In the last few years, we've seen a number of studies suggesting that, while most people think of video games as something kids play, that it's increasingly becoming a family activity
involving parents (and even grandparents
) playing video games with their kids. This seemed like a good thing. A common activity over which families can bond seems positive. That's why it was a bit surprising to see a bunch of headlines trumpeting the news that "Many Parents Avoid Video Games With Kids."
So when you get down into the article, you see that the headline is seriously misleading. What the report actually says is 43% of parents with kids who play video games never play with them. That would mean that 57% do play video games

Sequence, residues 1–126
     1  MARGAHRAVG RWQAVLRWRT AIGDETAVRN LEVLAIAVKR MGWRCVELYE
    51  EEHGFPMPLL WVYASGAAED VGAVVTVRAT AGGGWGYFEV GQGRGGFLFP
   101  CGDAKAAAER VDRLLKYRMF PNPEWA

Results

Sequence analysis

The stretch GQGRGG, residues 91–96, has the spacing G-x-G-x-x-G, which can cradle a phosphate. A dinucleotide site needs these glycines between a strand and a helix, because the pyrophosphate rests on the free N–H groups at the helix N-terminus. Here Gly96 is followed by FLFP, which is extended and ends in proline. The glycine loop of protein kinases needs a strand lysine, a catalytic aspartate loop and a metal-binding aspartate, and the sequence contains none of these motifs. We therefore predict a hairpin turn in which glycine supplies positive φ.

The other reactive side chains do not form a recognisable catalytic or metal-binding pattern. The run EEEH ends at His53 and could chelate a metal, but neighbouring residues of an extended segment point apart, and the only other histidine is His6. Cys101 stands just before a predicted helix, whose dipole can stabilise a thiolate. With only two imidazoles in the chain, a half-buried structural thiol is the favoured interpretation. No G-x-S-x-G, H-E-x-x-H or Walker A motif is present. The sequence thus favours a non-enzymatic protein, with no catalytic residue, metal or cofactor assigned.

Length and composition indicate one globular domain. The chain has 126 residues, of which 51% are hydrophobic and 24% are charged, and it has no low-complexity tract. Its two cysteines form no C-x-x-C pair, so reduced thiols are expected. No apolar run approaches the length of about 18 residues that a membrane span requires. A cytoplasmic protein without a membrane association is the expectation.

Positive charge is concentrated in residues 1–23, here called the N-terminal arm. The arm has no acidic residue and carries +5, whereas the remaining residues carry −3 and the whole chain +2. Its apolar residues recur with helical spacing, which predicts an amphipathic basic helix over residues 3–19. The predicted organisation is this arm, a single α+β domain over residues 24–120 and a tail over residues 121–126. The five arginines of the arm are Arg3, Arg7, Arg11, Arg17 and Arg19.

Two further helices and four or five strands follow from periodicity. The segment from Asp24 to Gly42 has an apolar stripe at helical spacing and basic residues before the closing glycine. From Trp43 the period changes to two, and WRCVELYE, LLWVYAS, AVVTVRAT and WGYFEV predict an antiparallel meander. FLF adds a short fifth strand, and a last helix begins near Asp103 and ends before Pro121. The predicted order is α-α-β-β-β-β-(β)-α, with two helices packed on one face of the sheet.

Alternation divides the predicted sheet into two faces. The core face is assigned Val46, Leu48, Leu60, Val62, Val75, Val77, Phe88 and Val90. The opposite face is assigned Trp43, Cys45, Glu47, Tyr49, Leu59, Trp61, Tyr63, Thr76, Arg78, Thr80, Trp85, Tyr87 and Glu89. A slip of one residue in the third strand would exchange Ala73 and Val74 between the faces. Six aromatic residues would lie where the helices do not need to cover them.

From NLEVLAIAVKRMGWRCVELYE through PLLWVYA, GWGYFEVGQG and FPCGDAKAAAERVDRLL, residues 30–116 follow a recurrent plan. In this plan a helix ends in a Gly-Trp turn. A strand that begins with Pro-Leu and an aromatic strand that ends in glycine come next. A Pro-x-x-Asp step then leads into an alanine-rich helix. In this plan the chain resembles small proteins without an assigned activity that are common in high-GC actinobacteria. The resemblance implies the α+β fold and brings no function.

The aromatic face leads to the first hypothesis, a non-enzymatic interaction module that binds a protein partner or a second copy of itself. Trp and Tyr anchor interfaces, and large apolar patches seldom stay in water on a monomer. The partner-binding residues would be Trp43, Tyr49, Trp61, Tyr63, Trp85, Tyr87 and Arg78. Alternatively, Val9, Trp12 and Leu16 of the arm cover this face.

with their kids, which seems like quite a large number, especially compared to earlier reports. Yet, that apparently doesn't support the story line that the headline writer wanted to tell. While it is true that another 30% say they spend less than an hour a week playing video games with kids, that is still some
bonding time, and shows that many, many parents are quite aware of what kinds of video games their kids are playing -- meaning that perhaps politicians can stop claiming they need to act as parents
when it comes to video games.